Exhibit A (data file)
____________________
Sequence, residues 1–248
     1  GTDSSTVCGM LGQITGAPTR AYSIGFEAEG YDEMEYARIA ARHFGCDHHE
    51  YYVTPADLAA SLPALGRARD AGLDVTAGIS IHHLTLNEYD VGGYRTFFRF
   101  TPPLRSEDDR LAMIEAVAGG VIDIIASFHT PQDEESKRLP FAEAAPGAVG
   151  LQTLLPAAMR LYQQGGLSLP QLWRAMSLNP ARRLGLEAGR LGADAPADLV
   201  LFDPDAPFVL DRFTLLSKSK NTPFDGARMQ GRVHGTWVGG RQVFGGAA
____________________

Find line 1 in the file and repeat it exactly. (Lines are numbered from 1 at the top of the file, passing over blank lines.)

Sequence, residues 1–248